A strange yet enjoyable story: Dean Koontz' Strange Highways

Jan 17, 2002 (Updated Feb 28, 2003)
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Rated a Very Helpful Review

Pros:Very Imaginative, well written novella.

Cons:Predictable ending

The Bottom Line: I recommend this for a quick read. It grips your attention quickly and doesn't slow down a bit.


Prologue:

Because I have a 45 - 60 minute commute to work each way, and because I have lost time to read with each child I've had, I have become a huge fan of Recorded Books. I’m still able to read an average of 3 books a week. I have just finished two other Dean Koontz novels, and picked this one up when I was picking up Seize the Night. I was especially intrigued since this audio book was read by James Spader. It has been my experience that most actors and actresses do a fairly decent job reading novels, and differentiating between characters. (Pre-script to my end note: James Spader does not fall into this category.) This is a two tape, six hour story (or three days worth of driving for me… two days this week since we got a bit of snow). I have since learned that Strange Highways is actually the title story in a collection of short stories. This is the only story on the audio book, so this is what I’ll be reviewing, although I probably will look for the actual collection in a “real” book… not only to re read Strange Highways and get James Spader’s monotonous reading voice out of my head, but to check out the other stories as well.


Plot (without Spoilers):

In Dean Koontz’ Strange Highways our protagonist, Joey Shannon, lives in Las Vegas. When he runs out of money to buy liquor, he gets a job as a blackjack dealer until he has enough money to supply his addiction for awhile. Doesn’t particularly sound like someone you’re going to love by the end of the story, does he? But you will… or at least I did. In between drunken stupors, Joey laments over the shambles his life has become. He is haunted by a blonde ghost, but doesn’t know why he sees her. He is haunted by what-ifs. He once looked to be an aspiring writer. He is haunted by the success of his older brother, P.J., who did become the famous writer.

Joey is called to his boyhood home to attend his father’s funeral, as well as the reading of his father’s will. This is the first time he has been home since he left the small mining town just out of High School. He is the only Shannon in attendance, as his mother had died some years back and P.J. cannot be found, as he often takes off for months at a time on writing expeditions. After the funeral, Joey meets with the attorney with the express interest in hearing the reading of the will and hightailing it out of there. Much to his surprise, his father leaves the bulk of his estate, totaling a quarter of a million dollars to Joey. He turns it down, claiming that it has been P.J. who has been the better son, P.J. who deserved the money. P.J. has been contributing to his father’s bank account ever since he became rich and famous. It finally dawns on him that he wants nothing to do with any money that came from P.J. though he doesn’t really know why.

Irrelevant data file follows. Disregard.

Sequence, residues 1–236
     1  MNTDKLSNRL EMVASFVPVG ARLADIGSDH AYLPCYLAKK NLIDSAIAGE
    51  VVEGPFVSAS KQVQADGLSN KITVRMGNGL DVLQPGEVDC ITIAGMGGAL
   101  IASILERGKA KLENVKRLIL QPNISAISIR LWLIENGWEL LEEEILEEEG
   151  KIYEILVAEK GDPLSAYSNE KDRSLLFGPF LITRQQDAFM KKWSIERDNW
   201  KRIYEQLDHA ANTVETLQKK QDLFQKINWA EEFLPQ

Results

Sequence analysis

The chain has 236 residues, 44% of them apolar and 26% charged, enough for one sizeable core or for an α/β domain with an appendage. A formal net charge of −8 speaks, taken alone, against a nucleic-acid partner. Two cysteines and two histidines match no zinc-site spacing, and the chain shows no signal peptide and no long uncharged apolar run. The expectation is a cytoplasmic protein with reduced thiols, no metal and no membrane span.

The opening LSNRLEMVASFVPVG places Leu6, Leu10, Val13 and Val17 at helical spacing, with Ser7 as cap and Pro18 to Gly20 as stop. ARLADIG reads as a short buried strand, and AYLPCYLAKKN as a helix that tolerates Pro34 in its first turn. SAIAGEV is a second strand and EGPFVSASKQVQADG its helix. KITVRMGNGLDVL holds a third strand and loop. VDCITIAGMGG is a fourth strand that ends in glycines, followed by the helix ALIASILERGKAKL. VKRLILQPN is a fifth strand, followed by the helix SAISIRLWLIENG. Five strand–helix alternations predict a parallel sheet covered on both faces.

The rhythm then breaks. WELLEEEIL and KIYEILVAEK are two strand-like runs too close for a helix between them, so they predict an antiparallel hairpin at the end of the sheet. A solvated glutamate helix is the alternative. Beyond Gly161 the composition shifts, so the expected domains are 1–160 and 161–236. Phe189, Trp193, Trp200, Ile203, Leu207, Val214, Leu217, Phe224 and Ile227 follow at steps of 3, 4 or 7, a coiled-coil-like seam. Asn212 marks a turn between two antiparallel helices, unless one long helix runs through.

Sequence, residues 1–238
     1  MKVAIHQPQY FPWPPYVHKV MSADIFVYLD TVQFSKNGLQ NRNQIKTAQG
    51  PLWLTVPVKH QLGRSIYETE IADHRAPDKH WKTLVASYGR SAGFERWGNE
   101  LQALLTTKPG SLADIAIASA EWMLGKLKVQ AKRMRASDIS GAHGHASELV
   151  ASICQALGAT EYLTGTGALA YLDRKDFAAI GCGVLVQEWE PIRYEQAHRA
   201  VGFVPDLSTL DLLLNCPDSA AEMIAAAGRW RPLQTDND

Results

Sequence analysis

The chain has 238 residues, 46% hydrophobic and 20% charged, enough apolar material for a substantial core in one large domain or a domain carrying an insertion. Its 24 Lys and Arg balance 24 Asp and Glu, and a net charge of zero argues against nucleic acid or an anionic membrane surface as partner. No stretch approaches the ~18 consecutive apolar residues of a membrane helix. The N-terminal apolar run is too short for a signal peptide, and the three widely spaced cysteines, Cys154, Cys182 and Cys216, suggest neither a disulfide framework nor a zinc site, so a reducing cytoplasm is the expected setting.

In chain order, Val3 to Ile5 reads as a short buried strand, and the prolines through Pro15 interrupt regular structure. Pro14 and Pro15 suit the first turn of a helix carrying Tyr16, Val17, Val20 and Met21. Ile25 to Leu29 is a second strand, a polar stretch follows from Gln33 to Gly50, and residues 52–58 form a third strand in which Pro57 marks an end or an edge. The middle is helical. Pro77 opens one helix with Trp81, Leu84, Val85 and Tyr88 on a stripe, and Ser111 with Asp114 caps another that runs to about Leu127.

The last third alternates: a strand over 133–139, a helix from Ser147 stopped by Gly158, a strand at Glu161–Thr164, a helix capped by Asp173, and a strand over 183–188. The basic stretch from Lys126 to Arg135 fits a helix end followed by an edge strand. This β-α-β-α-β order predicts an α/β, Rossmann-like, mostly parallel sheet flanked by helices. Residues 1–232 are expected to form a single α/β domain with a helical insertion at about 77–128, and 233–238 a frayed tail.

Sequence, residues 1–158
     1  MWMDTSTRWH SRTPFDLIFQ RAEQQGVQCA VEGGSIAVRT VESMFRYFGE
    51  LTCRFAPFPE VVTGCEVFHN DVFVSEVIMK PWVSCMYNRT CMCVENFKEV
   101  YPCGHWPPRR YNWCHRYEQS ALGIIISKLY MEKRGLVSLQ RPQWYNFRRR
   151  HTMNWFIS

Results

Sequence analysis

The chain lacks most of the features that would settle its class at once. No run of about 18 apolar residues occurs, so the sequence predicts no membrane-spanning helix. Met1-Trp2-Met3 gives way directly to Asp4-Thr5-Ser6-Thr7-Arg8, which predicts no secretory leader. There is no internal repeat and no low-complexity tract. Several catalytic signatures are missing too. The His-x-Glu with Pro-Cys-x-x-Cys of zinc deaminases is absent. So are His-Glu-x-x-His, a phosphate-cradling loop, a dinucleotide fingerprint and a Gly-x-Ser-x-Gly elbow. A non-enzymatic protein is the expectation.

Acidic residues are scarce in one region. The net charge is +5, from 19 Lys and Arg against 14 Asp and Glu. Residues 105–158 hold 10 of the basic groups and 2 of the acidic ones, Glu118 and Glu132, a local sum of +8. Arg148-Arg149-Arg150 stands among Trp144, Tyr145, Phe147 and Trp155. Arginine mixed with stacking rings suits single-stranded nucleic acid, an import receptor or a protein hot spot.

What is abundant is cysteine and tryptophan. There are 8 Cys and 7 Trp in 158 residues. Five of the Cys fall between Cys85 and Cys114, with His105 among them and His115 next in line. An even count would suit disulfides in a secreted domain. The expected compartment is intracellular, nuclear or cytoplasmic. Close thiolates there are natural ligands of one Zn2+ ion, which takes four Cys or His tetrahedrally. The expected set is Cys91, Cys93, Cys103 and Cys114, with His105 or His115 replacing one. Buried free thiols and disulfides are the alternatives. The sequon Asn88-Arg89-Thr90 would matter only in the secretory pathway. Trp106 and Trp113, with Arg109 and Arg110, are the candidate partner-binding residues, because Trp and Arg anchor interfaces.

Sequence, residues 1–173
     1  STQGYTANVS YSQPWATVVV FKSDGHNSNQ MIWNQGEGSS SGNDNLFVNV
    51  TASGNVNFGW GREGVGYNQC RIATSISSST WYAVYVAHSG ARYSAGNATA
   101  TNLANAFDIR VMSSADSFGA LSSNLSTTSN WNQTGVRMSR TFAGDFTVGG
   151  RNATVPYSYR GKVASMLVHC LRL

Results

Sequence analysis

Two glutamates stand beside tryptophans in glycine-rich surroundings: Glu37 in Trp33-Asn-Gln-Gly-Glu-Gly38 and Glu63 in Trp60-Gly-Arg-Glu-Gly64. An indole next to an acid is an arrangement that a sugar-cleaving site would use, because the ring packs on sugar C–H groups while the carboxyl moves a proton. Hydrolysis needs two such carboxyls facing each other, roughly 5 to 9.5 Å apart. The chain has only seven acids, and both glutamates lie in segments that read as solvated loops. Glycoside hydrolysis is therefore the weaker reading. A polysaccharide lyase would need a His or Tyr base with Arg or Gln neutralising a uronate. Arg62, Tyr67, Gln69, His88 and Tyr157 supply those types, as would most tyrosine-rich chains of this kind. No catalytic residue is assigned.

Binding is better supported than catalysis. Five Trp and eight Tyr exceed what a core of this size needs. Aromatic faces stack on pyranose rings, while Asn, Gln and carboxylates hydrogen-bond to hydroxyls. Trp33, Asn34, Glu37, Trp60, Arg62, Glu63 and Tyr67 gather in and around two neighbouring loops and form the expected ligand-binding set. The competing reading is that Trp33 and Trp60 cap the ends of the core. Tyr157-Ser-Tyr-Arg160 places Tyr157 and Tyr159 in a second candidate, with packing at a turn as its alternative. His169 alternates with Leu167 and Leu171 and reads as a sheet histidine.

Joey climbs into his rental car and begins to drive out of town. Here is where the strangeness comes in. A storm begins (isn’t there always a storm?) and Joey is reminded of the last time he was ever home, and when he left. He was driving on the same road he finds himself driving on now, though he swears that road had been torn up some years before. He sees a girl by the side of the road, next to her stalled car. Though he has mixed feelings about picking her up, he feels drawn towards helping her and so he does. In an amazing storytelling maneuver, Koontz suddenly winds the clocks back to when Joey really did leave for the last time. The girl he picked up is a high school girl. He, himself, is a college student.

Together, the two embark on a strange and terrifying adventure. (That sounds like a tag line for the book, but it isn’t, I promise!) Some benevolent force keeps moving time around, giving Joey another chance to make his past right, to erase those what-ifs. Add into that intriguing mix murder, mayhem and a completely insane older brother, and you’ve got one heck of a story!


Writing Style, Motif etc.:

Strange Highways was written in the third person, focusing mostly on Joey Shannon’s thoughts and actions. The author never strays into the minds of the other characters, which is sometimes frustrating, but also scary not to know what the Big Baddie is thinking or doing. There is a lot of reference to Religion in this novel. The girl Joey picks up experiences Stigmata which only Joey can see every time they make a wrong choice. (Stigmata is the phenomenon of blood appearing on the hands where Jesus had nail holes). There is a Benevolent force at work helping the two of them, some may say God. The criminal in this is a Satanic worshipper.


End Note:

Wonderful story. I got so into it at times that I wasn’t being a very good driver (no woman driver cracks please). It was scary and well written. BUT… a word to the wise. Read it. Do not listen to the James Spader read version. He was so monotonous and hard to listen to. It took me awhile to get into the story in spite of his horrendous narration.



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